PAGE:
“You can save lives if you open your heart, even the smallest bit…”
This is part of the touching testimony that a young man, whose name is concealed, shares in a beautiful video on YouTube about coming out as a trans.
For him, the transition to a life in a man’s body has been life-saving, as has the acceptance of his loved ones, especially that of his parents. Several studies tend to confirm that suicidal thoughts and behaviours disproportionately prevail among lesbian, gay, bisexual, transgender, Two-Spirit or queer (LGBTQ) youths and that links of solidarity and acceptance around the person in distress can help turn the tide.
According to the Quebec Suicide Prevention Center, nearly 1050 people committed suicide in the province of Quebec in 2016. In Canada, according to Statistics Canada, there are 500 young Canadians, ages 10 to 24, who are dying by suicide each year. However, we do not know how many of these people identify as LGBTQ or may have difficulties or problems related to their sexual orientation or their gender identity since this information is not reported on death certificates. However, we know that LGBTQ youths are four times more likely to commit suicide than their heterosexual peers.
In 2007, a British Columbia adolescent health survey found that 33% of youths who identified as LGB had attempted suicide, compared to 7% of youths of the same age. What emerges from all these statistics, regardless of the age of the people involved, is the fragility and distress felt by some people who question their orientation or their sexual identity. The finding is the same when a person has taken the step to identify as LGBTQ. The road to well-being can be rocky, and each individual faces it with their own baggage and a number of factors that are completely independent of gender identity or sexual orientation, but that also play an important role.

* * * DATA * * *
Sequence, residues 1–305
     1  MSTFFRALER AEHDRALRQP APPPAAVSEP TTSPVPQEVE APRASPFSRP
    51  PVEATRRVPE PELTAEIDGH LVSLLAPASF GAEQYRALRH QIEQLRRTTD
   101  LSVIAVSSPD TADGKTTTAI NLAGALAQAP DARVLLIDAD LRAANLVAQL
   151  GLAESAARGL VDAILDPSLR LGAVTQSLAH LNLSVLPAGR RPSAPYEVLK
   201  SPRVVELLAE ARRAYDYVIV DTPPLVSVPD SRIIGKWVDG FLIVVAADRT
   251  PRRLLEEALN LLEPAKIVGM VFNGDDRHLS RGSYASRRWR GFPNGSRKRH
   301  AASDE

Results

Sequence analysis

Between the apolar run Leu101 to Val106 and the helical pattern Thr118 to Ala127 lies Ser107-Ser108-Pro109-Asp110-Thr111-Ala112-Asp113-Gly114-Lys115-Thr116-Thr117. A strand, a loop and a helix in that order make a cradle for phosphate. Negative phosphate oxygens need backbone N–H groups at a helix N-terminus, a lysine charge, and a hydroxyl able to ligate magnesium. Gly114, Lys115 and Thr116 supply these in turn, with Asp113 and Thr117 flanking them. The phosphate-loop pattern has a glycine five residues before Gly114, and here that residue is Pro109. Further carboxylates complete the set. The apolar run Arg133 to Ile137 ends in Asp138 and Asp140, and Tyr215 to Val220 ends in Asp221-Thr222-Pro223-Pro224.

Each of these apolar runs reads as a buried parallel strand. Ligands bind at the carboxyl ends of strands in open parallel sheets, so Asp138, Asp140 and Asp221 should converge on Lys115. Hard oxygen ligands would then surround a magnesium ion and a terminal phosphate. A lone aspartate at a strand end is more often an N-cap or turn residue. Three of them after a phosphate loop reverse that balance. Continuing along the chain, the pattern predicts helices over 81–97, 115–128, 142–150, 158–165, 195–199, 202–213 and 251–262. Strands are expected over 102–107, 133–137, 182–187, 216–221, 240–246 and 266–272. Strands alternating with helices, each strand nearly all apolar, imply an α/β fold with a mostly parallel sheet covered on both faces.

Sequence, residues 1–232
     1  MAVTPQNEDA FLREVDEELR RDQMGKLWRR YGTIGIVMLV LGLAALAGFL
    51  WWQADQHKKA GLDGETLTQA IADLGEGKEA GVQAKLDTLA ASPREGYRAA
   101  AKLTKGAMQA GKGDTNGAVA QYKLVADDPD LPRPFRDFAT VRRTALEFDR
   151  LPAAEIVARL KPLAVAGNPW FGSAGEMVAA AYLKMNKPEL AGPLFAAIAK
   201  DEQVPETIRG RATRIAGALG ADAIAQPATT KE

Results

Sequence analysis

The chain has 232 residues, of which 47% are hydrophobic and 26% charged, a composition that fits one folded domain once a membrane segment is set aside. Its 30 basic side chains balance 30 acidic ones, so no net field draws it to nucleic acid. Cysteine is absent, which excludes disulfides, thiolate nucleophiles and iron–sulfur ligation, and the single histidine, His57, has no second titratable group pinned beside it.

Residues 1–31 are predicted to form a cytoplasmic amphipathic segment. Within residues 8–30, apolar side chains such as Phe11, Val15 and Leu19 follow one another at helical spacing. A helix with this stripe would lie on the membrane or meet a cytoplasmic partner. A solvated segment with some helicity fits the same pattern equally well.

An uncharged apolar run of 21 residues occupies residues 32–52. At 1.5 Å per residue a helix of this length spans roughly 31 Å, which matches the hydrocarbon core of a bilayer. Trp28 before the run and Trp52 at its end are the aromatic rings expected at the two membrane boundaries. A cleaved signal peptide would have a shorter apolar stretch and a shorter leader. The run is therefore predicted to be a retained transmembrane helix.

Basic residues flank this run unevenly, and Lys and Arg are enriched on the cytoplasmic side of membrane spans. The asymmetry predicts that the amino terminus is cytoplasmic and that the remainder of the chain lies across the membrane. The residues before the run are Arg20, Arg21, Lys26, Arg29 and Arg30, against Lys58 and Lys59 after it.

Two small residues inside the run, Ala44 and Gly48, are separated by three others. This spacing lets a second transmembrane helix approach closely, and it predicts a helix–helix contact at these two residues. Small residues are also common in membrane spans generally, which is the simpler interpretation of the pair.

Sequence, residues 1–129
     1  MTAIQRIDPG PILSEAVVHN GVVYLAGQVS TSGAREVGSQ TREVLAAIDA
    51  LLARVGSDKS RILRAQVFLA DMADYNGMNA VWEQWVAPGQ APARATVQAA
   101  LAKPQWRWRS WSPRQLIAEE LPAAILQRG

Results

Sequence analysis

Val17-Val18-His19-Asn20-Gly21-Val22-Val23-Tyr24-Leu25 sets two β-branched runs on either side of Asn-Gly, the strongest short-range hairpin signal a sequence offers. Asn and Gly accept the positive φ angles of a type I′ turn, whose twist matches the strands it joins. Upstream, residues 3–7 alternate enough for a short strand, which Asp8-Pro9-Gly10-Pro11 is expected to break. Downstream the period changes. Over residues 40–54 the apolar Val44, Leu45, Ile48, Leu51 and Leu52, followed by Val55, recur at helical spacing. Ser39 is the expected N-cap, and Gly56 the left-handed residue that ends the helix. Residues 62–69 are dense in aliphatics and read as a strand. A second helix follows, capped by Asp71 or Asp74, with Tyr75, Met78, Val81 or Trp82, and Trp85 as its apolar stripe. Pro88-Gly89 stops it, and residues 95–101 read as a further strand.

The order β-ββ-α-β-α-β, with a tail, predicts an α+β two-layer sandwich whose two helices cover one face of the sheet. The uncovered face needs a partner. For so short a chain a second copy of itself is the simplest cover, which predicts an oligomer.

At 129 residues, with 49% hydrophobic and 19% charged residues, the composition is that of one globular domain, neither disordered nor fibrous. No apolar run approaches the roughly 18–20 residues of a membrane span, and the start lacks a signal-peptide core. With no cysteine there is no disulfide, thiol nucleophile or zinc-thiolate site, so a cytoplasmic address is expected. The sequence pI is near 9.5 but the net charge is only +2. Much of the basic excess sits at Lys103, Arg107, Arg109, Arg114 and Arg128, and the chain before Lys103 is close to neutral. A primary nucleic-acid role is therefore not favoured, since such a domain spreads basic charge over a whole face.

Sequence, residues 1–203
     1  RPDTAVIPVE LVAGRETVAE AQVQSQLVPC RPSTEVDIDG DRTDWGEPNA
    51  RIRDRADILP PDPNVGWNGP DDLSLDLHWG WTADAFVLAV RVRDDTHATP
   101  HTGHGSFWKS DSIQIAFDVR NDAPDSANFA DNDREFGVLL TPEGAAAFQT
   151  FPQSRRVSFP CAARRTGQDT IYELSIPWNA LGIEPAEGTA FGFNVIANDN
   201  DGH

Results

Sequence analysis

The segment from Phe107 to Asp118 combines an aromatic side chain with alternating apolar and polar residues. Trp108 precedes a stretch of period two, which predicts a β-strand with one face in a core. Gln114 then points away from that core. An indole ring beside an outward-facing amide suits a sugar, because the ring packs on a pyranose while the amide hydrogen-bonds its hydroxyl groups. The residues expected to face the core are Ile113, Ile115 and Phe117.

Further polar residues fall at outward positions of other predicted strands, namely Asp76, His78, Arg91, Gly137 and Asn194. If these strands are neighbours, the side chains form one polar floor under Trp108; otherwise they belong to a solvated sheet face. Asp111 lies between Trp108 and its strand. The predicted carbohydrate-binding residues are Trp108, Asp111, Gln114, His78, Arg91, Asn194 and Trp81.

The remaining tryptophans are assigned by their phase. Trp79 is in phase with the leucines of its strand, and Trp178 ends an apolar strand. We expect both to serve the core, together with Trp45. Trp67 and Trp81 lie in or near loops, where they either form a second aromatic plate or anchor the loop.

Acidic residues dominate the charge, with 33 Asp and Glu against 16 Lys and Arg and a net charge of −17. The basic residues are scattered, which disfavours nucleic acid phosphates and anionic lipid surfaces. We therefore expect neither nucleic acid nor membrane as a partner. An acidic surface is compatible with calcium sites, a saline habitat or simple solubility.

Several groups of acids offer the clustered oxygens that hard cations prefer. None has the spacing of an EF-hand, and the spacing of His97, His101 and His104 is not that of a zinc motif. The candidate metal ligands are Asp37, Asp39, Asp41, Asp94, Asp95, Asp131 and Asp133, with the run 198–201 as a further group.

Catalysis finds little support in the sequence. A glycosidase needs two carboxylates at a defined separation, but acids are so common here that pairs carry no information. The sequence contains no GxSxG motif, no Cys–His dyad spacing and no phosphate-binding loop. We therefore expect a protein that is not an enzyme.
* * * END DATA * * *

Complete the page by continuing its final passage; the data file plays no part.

Having the freedom to be one’s self brings tremendous well-being to the individual, regardless of their background. Considering the statistics mentioned above, one can only conclude that self-acceptance saves lives and if this acceptance means undergoing a gender reassignment surgery, this transition will also have saved a life.
In 2018, researchers at the University Hospital Essen in Germany conducted a study to measure the quality of life of transgender people by using a specially designed questionnaire. For the first time ever, scientists were able to confirm that gender reassignment surgery significantly improves the quality of life for most patients, to the tune of 75%.
Dr. Jochen Hess, who led the study, said, “It is very important that we have reliable data on the quality of life of transgender people. They generally have a lower quality of life than non-transgender people, with higher rates of stress and mental disorders. It’s a good thing that surgery can change that, but also that we can now show that surgery has a positive effect.”
In most Canadian provinces and in many countries, certain surgeries and gender affirmative treatments are available for free.
If you are feeling lost or if someone close to you shows signs of distress, do not wait — ask for help at 1-866-APPELLE (1-866-277-3553). You’ll find a listening ear, support, and information 24 hours a day, 7 days a week.
Trans Quebec Help has a 24-hour crisis hotline: 1-855-909-9038 #1.